I don’t want to claim that the people who answer surveys and say "yes, my attention span is massively worse than it was 20 years ago" are confused about what they mean, when it’s perhaps more likely that I’m the one who is confused. But it doesn’t really make sense to me. When I was suspecting ADHD in myself, I thought that the struggles I had were something to do with attention and ability to focus: I can’t muster up enough grit to get my homework done in time, because I can’t stay focussed on doing it instead of something else, damnit! But, in fact, "general ability to get sh*t done", and its many sub-components, are more like what is usually called "executive function" (and executive function is bad both in people with ADHD and in people with ASD, hence me). The way the specific attention deficit which characterises ADHD is measured is by doing something like the Stroop test (where you have to say "red" if "RED" is written on the piece of paper in from of you, even if it’s confusingly written in blue letters). That sort of thing tests whether one is able to maintain the intellectual effort needed to give the right answer for the full ten minutes or so that the tasks lasts. Because that’s basically what sustained attention is.

And… I’m not too sure why being online a lot would make that worse? When I fail to prevent myself from watching a couple seasons of my favourite series on Netflix instead of doing useful work I want to do, there’s a problem. But how is it an attention problem? I just spent five hours very intently focused on Netflix! Even, like, right now, myself: I have work to do today. Instead, I’ve been writing this post for the last two hours. It’s an issue! But if it was an attention issue, would I have spent the last two hours typing without stopping? (Wouldn‘t I, instead, have temporarily shifted my attention to my work and started at least part of it?).

So, I’m not sure there’s an attention problem at all, and maybe we’ve been thinking about this the wrong way.

Of course, the fact that I started thinking about this whole can of worms because of my executive function issues suggests that maybe I’m confusing my problems and other people’s. Maybe most people really do struggle with attention and think it’s because of the screens (but that would be weird, since research on attention decline is inconclusive, as we’ve seen). Still, my opinion on the matter is that, if the screens do something to our ability to get stuff done (and it sure sounds like that’s the case, but again maybe that’s just a "me" thing), it’s more to do with our executive function than with our attention.

[What follows is both speculative and poorly thought-out. Proceed with caution, if at all.]

And, last but not least, the thing that reminded me this morning that I wanted to write on this topic, now relegated to post-scriptum status since it‘s even more speculative than the rest: Scott Alexander, as well as other people whose names I can’t remember just yet (sorry!), said something about fiction, and especially about the sort of fantasy fiction that is now relatively more widespread than in the past. Scott’s point is that, while things like James Bond films create a fantasy of competence (= it makes you daydream about being really strong, really good at picking up hot women, and uncommonly able to defeat scary villains), "every part of the fantasy universe is optimized to justify why a person with no special ability or agency can save the world". You don’t save the world because you’re really good at inventing weapons or dealing with the logistics of raising an army, you save the world because you’re the hidden son/daughter of the king, and also you can do magic.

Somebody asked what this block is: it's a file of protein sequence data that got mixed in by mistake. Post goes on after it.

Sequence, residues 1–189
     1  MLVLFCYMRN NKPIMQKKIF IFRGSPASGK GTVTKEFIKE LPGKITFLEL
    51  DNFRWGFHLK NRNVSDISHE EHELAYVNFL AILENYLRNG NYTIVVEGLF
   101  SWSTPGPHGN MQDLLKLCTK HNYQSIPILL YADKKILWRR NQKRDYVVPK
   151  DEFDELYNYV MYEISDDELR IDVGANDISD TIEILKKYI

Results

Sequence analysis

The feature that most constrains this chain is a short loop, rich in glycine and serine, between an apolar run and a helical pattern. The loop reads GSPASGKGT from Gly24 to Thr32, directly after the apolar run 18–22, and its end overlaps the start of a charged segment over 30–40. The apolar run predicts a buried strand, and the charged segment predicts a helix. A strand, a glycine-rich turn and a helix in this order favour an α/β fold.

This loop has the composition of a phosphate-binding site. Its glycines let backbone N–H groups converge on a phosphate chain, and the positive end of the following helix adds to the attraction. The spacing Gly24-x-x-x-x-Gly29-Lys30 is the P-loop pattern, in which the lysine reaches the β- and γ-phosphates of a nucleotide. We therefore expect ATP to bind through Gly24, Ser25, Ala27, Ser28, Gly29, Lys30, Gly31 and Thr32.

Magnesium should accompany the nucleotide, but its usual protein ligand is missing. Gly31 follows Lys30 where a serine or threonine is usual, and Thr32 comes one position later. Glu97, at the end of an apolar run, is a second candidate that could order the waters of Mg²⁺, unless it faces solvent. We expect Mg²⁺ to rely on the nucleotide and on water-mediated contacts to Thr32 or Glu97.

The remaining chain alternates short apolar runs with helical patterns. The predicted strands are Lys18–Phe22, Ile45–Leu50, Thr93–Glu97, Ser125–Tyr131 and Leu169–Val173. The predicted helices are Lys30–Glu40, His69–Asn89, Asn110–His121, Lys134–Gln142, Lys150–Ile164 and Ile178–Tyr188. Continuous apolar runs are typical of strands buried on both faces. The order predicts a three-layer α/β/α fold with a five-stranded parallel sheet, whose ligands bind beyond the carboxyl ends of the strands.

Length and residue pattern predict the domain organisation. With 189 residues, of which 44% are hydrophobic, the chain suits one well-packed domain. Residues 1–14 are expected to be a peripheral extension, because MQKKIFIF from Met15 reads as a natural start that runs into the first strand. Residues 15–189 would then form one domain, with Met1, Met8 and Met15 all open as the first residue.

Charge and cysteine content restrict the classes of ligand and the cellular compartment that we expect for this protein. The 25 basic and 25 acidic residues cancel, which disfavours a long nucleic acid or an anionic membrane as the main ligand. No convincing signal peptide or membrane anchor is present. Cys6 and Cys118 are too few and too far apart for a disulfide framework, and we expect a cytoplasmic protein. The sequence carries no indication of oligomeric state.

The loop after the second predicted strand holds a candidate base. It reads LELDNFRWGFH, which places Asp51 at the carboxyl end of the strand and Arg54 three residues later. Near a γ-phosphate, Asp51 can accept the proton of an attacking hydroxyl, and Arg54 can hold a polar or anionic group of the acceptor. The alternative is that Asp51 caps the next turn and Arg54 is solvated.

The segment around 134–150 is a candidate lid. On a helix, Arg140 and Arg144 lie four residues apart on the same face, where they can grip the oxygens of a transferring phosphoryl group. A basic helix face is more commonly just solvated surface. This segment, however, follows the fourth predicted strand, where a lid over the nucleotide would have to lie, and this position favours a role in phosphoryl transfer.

Now, of course, if I said "it’s because we read fantasy now! Our culture tells us we just have to wait for things to get themselves done by magic, so we don‘t do stuff, and we daydream instead!", I will sound like an idiot, and an old fart. Besides, James Bond’s fantasy of competence isn’t that far removed from the kind of fantasy where you’re the magical dude who can save the world without much specific agency of your own, right? It doesn’t make us dream that we have magic, it makes us dream that we have a boatload of money and a sports car with weapons hidden inside it (which is basically magic on four wheels). Still, the reason I’m mentioning that thing at all is because I wonder: maybe the fact that we are (probably?) a lot more exposed today to either James Bond or to fantasy novels,  in other words to stuff where we can vicariously enjoy what a bunch of cool people are doing without having to exert any agency of our own, contributes to a hypothetical deterioration of our executive function? In the past, if you wanted to go dream about being a Middle-earth super-spy, you had to go to a cinema to do it, and it meant exerting at least enough executive function to get off your couch and put on your coat, but not anymore? Or maybe I’m just talking nonsense? 

Anyway, so: I’m curious whether you think there really is a decline in attention? How much sense does my suggestion that maybe it’s more a decline in executive function makes? Is there anything to keep in my weird rambling about how fiction may or may not have changed/become more available in some weird way that makes our executive function worse?

New Answer
New Comment